Monday, July 31, 2017

A Robust and Accurate Tight-Binding Quantum Chemical Method for Structures, Vibrational Frequencies, and Noncovalent Interactions of Large Molecular Systems Parametrized for All spd-Block Elements (Z = 1−86)

Stefan Grimme, Christoph Bannwarth, and Philip Shushkov (2017)
Highlighted by Jan Jensen

Copyright American Chemical Society (2017)

Inspired by the success of the sTDA-xTB method for predicting electronic spectra, Grimme and co-workers present the tight binding DFT method GFN-xTB for predicting Geometries, vibrational Frequencies and Noncovalent interactions ("x" stands for extensions in the AO basis set and the form of the Hamiltonian).  

The method is implemented in a new program called xtb which includes shared memory parallelization, angeometry optimizer, MD, conformational searches, reaction path optimisation modules, and a GB solvation model supplemented with analytical nuclear gradients.  The software is free to academics and can be obtained by writing to the authors.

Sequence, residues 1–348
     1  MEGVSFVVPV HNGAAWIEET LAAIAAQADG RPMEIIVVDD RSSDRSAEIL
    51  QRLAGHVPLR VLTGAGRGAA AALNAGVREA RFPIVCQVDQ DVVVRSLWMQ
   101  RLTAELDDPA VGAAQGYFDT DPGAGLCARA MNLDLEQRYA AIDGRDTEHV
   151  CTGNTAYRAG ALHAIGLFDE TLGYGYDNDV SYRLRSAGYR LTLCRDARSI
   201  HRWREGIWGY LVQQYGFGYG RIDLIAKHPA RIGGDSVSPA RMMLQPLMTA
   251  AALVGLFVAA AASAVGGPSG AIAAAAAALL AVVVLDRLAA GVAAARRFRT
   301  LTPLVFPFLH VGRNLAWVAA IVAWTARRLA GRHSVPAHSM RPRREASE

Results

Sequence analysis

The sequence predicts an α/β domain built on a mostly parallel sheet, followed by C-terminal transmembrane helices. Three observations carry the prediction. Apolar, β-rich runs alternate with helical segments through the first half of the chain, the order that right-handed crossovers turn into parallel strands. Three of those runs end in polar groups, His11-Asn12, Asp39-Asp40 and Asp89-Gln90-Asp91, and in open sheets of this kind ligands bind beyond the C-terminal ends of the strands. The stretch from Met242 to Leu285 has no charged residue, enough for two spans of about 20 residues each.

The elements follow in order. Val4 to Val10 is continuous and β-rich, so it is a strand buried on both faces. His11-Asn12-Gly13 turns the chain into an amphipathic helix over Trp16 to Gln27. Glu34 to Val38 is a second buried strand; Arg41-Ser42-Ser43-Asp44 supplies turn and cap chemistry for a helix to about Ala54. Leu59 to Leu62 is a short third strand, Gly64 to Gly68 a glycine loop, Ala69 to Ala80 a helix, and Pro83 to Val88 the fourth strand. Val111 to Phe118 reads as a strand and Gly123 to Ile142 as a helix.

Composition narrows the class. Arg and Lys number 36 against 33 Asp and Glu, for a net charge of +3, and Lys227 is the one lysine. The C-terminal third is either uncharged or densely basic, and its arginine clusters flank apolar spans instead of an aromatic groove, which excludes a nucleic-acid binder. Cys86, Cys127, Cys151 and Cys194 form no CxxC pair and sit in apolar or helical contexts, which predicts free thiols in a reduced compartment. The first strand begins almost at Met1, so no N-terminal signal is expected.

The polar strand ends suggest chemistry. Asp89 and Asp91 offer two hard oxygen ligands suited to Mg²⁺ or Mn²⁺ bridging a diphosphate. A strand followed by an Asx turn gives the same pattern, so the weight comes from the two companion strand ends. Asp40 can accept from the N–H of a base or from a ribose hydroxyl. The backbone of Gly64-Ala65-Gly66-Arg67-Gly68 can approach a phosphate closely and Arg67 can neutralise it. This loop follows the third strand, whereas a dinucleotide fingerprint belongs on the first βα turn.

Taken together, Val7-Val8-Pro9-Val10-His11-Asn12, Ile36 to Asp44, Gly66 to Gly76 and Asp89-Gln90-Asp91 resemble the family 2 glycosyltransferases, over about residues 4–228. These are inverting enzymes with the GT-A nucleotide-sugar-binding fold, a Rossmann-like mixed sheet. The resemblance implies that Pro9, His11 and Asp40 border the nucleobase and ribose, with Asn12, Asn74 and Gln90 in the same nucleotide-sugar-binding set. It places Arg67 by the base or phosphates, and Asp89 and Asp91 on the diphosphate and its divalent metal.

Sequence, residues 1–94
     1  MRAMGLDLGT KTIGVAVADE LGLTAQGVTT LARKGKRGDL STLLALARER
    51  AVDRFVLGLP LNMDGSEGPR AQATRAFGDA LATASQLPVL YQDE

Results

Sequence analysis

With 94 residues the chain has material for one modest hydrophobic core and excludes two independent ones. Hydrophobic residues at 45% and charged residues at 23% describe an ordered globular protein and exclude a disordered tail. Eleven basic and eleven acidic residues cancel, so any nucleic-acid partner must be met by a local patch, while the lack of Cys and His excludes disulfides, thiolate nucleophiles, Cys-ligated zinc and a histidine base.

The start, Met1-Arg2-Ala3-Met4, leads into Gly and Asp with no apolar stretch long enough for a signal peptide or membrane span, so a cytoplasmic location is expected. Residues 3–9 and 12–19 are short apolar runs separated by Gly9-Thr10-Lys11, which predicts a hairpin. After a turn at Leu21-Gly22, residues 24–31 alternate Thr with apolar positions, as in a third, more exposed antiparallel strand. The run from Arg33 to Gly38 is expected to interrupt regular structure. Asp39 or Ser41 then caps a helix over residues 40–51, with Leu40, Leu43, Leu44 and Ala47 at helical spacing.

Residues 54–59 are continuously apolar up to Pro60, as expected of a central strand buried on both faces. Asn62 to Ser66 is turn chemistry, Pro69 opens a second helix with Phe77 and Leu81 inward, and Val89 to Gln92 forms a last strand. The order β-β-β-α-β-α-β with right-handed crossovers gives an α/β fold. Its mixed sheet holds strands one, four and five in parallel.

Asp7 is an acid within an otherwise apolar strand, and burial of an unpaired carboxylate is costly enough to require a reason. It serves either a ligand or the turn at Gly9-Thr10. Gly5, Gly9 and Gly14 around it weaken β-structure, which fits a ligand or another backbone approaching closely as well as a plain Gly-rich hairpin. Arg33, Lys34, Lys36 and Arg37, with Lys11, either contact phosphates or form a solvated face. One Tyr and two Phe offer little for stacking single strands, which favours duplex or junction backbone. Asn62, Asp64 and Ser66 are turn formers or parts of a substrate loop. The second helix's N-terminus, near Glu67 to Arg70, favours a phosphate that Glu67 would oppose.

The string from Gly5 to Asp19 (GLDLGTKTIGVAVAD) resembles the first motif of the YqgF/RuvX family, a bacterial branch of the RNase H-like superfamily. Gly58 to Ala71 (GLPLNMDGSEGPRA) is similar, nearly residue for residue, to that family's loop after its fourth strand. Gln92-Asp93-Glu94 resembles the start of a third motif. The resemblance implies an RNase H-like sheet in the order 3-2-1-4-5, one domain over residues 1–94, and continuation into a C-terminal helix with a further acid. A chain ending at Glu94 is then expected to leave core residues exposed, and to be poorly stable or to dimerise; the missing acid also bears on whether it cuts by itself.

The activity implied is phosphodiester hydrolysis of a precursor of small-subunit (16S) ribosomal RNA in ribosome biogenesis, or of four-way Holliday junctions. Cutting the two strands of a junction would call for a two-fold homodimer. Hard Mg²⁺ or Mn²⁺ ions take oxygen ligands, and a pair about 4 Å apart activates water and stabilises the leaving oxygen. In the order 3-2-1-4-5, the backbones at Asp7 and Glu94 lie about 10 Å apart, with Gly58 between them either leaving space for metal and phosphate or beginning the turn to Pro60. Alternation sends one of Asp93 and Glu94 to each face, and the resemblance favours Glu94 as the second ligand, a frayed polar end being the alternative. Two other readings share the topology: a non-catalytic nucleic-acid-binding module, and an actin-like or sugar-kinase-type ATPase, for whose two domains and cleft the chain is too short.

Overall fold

Importantly, the method is parameterized for all spd elements, so finally there is an alternative to PM6 for heavier elements. A Fermi smearing technique helps convergence for molecules with small HOMO-LUMO gaps and GFN-xTB gives structures organometallic compounds that are in good agreement with DFT.

As implied by the name, GFN-xTB is not parameterized against reaction energies but the methods gives reasonable results for properties like heats of formation.  However, as the authors write

A key premise of the present method is its special purpose character. In our view, low-cost semiempirical QM methods cannot describe simultaneously very different chemical proper- ties, such as structures and chemical reaction energies, and the GFN-xTB method (as the name conveys) focuses on structural properties. The efficiently computed structures and vibrational frequencies or the conformers obtained from global search procedures can (and should) be used subsequently for more accurate DFT or WFT refinements. We hope that the method can serve as a general tool in quantum chemistry and in particular recommend GFN-xTB optimized structures (and thermostatistical corrections) in a multilevel scheme together with PBEh-3c single-point energies. Large-scale molecular dynamics, screening of huge molecular spaces (libraries), parametrization of force-fields, or providing input for novel machine learning techniques are obvious other fields of application.
I thank Anders Christensen for bringing this paper to my attention

This work is licensed under a Creative Commons Attribution 4.0 International License.